Effects of protein versus mixed macronutrient supplementation on total energy intake (TEI) and protein intake during an ad libitum diet were examined. Trained males undertook two, 2-week dietary interventions which were randomized, double blinded, and separated by 2 weeks. These were high-protein supplementation (HP: 1034.5 kJ energy, 29.6 g protein, 8.7 g fat and 12.3 g CHO) and standard meal supplementation (SM: 1039 kJ energy, 9.9 g protein, 9.5 g fat, and 29.4 g CHO) consumed daily following a week of baseline measures. Eighteen participants finished both interventions and one only completed HP. TEI (mean ± SD) was not different between baseline (11148 ± 3347 kJ) and HP (10705 ± 3143 kJ) nor between baseline and SM (12381 ± 3877 kJ), however, TEI was greater with SM than HP (923 ± 4015 kJ p = .043). Protein intake (%TEI) was greater with HP (22.4 ±6.2%) than baseline (19.4 ± 5.4%; p = .008) but not SM (20.0 ± 5.0%). No differences in absolute daily protein intake were found. Absolute CHO intake was greater with SM than HP (52.0 ± 89.5 g, p = .006). No differences in fat intake were found. Body mass did not change between baseline (82.7 ± 11.2 kg) and either HP (83.1 ± 11.7 kg) or SM (82.9 ± 11.0 kg). Protein supplementation increases the relative proportion of protein in the diet, but doesn’t increase the absolute amount of total protein or energy consumed. Thus some compensation by a reduction in other foods occurs. This is in contrast to a mixed nutrient supplement, which does not alter the proportion of protein consumed but does increase TEI.
Alistair R. Mallard, Rebecca T. McLay-Cooke and Nancy J. Rehrer
Jamie Douglas, Daniel J. Plews, Phil J. Handcock and Nancy J. Rehrer
To determine whether a facilitated recovery via cold-water immersion (CWI) after simulated rugby sevens would influence parasympathetic reactivation and repeated-sprint (RS) performance across 6 matches in a 2-d tournament.
Ten male team-sport athletes completed 6 rugby sevens match simulations over 2 d with either postmatch passive recovery (PAS) or CWI in a randomized crossover design. Parasympathetic reactivation was determined via the natural logarithm of the square root of the mean of the sum of the squares of differences between adjacent R-R intervals (ln rMSSD). RS performance was calculated as time taken (s) to complete 6 × 30-m sprints within the first half of each match.
There were large increases in postintervention ln rMSSD between CWI and PAS after all matches (ES 90% CL: +1.13; ±0.21). Average heart rate (HR) during the RS performance task (HRAverage RS) was impaired from baseline from match 3 onward for both conditions. However, HRAverage RS was higher with CWI than with PAS (ES 90% CL: 0.58; ±0.58). Peak HR during the RS performance task (HRPeak RS) was similarly impaired from baseline for match 3 onward during PAS and for match 4 onward with CWI. HRPeak RS was very likely higher with CWI than with PAS (ES 90% CL: +0.80; ±0.56). No effects of match or condition were observed for RS performance, although there were moderate correlations between the changes in HRAverage RS (r 90% CL: –0.33; ±0.14), HRPeak RS (r 90% CL: –0.38; ±0.13), and RS performance.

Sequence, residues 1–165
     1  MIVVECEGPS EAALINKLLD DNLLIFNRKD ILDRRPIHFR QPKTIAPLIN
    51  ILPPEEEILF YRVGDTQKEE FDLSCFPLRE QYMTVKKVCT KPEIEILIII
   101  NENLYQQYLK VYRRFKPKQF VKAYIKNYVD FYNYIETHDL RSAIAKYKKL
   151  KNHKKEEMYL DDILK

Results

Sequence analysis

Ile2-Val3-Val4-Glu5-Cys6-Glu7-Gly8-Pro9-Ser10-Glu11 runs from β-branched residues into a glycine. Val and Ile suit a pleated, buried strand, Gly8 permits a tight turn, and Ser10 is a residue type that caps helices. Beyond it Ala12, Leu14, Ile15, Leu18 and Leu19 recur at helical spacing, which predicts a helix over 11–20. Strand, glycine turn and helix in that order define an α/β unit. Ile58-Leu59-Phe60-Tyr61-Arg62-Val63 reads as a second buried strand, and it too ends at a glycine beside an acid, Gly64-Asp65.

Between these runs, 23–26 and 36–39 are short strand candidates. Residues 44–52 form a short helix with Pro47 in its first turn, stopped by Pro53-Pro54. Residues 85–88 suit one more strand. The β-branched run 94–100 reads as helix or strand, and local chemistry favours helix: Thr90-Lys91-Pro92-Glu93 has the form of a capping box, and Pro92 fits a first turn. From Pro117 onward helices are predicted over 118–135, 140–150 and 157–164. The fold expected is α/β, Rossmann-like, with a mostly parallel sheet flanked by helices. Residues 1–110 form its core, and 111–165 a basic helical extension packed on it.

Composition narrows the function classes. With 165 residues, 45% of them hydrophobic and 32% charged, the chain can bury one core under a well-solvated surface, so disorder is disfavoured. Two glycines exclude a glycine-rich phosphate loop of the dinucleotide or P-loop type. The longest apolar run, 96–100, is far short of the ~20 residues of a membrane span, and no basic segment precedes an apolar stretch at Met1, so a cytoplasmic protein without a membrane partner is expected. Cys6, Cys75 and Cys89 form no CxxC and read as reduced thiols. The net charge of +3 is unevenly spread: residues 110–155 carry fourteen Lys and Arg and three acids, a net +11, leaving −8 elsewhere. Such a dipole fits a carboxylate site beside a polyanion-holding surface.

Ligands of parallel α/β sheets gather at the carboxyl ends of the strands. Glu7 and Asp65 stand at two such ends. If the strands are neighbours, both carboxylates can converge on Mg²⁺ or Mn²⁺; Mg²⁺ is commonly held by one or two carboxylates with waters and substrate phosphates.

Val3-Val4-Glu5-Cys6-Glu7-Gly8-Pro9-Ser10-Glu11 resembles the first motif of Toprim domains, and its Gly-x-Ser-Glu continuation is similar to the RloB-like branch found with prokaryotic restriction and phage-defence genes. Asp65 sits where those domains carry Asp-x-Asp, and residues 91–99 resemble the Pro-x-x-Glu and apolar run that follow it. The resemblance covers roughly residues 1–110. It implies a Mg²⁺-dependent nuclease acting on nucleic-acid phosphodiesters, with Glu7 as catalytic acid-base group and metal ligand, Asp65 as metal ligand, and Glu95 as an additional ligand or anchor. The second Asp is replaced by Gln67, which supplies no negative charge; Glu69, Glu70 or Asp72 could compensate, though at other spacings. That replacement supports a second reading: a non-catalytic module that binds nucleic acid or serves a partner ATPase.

CWI facilitated cardiac parasympathetic reactivation after a simulated rugby sevens match. The decline in average and peak HR across matches was partially attenuated by CWI. This decline was moderately correlated with a reduction in RS performance.
Willeke Trompers, Tracy L Perry, Meredith C Rose and Nancy J. Rehrer
The purpose of this study was to determine whether glycemic index (GI) is influenced by training state. Participants were tested in a randomized order: twice with a reference solution containing 50 g glucose and once each with 2 commercially available snack bars (Griffin’s Fruitli bar and Peak Fuel’s Summit bar) containing 50 g available carbohydrate. Eleven of the participants (6 men and 5 women, M ± SD age 20.8 ± 2.0 yr) were endurance trained (ET; VO2max 57.5 ± 8.4 ml · kg−1 · min−1), and 9 participants (2 men and 7 women, M ± SD age 22.4 ± 1.8 yr) were sedentary (SE; VO2max 43.7 ± 9.1 ml · kg−1 · min−1). After an overnight fast, participants consumed either the glucose solution or snack bar, with blood samples taken before eating and at 15, 30, 45, 60, 90, and 120 min after eating began. The mean incremental area under the curve (IAUC) of the glucose reference was 31% lower (95% CI 3–52%, p = .03), and the Fruitli bar 38% lower (95% CI 0–61%, p = .05) in ET than in SE participants. There was a trend for the IAUC for the Summit bar to be 35% lower in ET than in SE participants (95% CI –7% to 61% p = .09). There was no significant interaction between training state and test food. The GIs of the Fruitli and Summit bars was not significantly different between ET and SE participants (p = .65 and .54, respectively). ET participants had a lower glycemic response than SE participants; however, training state did not influence GI.
Dennis van Hamont, Christopher R. Harvey, Denis Massicotte, Russell Frew, François Peronnet and Nancy J. Rehrer